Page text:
On 17 November 2023, the Financial Conduct Authority (FCA) announced that it has censured the holding company of the largest private healthcare operator in the United Arab Emirates (UAE), NMC Health Plc (in administration) (NMC), for misleading the market about its debt, and failing to declare related party transactions, which was found to be market abuse (market manipulation) in breach of Article 15 of EU MAR.

NMC was placed into administration in April 2020 and it is anticipated that no funds will be available after creditor claims have been met. Were this not the case, the FCA would have imposed a substantial financial penalty on NMC.

The case is a reminder of the FCA’s ongoing focus on preventing, detecting and punishing market abuse. We await to see whether any action is being taken against individuals in connection with this case, although the FCA notes that NMC’s directors were based in the UAE, which may make this less likely.


NMC’s shares were admitted to trading on the Premium Segment of the London Stock Exchange in 2012 and it entered the FTSE100 in 2017. Between at least March 2019 and February 2020, NMC published a series of financial statements and announcements which contained materially inaccurate information about its debt position, under-reporting to the market its levels of debt. For example, in August 2019, NMC published an interim report for the half year ended 30 June 2019 which stated that the Group’s total debt was USD 2.1 billion, but by that time it was in fact USD 6.2 billion.

In December 2019, investment research company Muddy Waters Capital LLC published a number of allegations querying the accuracy of NMC’s financial reporting. In response, NMC denied the allegations, but announced that it would be commencing an independent third-party review to investigate them.

In February 2020, NMC announced the review had identified potential inconsistencies in the company’s bank statements and ledger entries, following which the FCA agreed to NMC’s request for a temporary suspension of its shares to ensure the smooth operation of the market. At the end of March 2020, NMC announced its debt position was around USD 6.6 billion and, following this, in April 2020 one of its principal creditors filed an application for the appointment of administrators, which was successful, with joint administrators being appointed on 9 April 2020. At the end of April 2020, at NMC’s request, NMC’s ordinary shares were delisted.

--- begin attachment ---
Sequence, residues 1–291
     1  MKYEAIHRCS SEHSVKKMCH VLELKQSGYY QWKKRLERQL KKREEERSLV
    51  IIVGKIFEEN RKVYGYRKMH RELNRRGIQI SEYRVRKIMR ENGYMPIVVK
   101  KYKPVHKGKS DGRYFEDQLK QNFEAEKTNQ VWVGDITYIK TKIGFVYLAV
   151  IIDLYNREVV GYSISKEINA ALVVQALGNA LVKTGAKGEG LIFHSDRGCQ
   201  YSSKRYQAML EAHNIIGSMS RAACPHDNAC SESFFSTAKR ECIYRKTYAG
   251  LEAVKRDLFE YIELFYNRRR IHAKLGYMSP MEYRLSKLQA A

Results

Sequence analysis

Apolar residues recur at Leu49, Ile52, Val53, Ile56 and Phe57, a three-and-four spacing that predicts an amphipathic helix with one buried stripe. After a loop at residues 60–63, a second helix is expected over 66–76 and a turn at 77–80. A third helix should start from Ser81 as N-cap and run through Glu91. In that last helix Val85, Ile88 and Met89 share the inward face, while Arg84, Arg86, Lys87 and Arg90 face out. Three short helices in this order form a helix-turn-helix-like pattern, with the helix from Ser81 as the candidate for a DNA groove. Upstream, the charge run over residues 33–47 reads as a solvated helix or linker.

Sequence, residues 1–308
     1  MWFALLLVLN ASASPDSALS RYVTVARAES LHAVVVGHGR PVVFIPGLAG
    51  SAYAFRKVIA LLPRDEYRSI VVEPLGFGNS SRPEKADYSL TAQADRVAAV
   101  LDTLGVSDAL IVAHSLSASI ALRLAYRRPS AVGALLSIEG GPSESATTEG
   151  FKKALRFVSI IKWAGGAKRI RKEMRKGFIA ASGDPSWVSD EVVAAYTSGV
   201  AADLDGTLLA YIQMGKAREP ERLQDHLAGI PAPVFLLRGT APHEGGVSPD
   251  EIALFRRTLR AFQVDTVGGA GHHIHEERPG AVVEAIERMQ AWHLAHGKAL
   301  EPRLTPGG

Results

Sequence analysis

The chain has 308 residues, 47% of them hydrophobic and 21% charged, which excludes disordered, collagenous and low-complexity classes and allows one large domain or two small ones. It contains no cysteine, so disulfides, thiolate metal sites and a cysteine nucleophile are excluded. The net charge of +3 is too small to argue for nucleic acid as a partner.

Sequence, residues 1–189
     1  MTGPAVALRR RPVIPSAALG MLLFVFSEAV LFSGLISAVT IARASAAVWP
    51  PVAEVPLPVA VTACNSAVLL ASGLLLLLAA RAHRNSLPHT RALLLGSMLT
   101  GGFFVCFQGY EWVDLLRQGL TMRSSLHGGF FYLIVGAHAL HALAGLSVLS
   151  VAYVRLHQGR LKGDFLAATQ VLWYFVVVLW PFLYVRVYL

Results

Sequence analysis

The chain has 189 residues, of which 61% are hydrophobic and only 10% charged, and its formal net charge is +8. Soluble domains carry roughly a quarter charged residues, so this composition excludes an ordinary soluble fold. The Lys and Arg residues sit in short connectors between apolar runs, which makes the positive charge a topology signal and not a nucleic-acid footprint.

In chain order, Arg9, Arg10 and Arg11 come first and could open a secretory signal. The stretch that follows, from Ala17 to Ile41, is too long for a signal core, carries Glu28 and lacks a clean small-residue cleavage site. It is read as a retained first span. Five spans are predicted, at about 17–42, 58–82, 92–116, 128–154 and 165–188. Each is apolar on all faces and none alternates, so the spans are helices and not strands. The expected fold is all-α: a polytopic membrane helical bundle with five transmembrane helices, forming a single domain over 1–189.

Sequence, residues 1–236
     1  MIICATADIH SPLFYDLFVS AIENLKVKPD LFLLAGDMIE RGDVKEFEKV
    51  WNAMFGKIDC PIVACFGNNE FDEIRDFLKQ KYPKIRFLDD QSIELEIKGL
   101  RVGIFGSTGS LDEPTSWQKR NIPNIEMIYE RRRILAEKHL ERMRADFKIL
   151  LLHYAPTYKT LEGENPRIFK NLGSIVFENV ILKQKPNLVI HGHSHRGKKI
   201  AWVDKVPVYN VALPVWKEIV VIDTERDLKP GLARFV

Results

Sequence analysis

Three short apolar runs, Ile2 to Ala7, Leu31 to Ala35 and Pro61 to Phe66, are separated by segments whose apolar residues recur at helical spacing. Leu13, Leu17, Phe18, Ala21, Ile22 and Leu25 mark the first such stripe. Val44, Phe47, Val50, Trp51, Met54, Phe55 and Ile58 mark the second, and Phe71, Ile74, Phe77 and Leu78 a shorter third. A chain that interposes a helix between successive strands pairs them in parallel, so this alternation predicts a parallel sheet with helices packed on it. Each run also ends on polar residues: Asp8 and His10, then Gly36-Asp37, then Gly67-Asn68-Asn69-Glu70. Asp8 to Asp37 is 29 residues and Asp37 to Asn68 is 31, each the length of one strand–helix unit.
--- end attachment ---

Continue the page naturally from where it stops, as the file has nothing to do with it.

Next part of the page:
The FCA found that NMC had been operating with dual sets of partial accounting records throughout the relevant period. These included internal spreadsheets, where borrowing recorded as “Non-Showing” was not included in the figures which were reported to the market. On the other hand, borrowing recorded as “Showing” was reported. In addition, prior to and during the relevant period, supply chain finance had been set up and heavily drawn upon by some suppliers which were related parties to NMC Healthcare LLC, for which NMC was the ultimate guarantor. These were found to be related party transactions, which consequently should have been included in the financial information reported to the market, but they were not.

The FCA states in the Final Notice that it does not specifically find that every member of NMC’s board knew, or ought to have known, that the disseminated information was false or misleading, but that it is satisfied that there was knowledge within NMC at a sufficiently senior level that the disseminated information was false or misleading for that knowledge to constitute the knowledge of NMC for the purposes of market abuse. The Notice does not give any further details regarding the level of the relevant individuals.

In addition to the matters set out in the Final Notice, the FCA states that it is aware of allegations of similar misconduct by NMC in the preceding years, 2012 to 2017. However, the FCA has decided that it is not proportionate to devote additional resource to investigation of that alleged misconduct, given that NMC has already entered administration and has effectively ceased as a going concern.


The FCA found NMC’s conduct to be serious, stating that such market abuse undermines investor confidence in the integrity of the financial markets. However, as it is anticipated that no funds will be left after creditor claims have been met, the FCA has imposed a public censure rather than imposed a financial penalty on NMC. The FCA considers that it is preferable for NMC to meet creditor claims.

In some circumstances, the FCA can decide to identify a specific sum which it would otherwise have imposed as a fine. However, in this case, the FCA considers that such an indication would not be appropriate, as it would only indicate a penalty imposed on the basis of the relevant period, rather than the full period for which there are allegations of misconduct as noted above.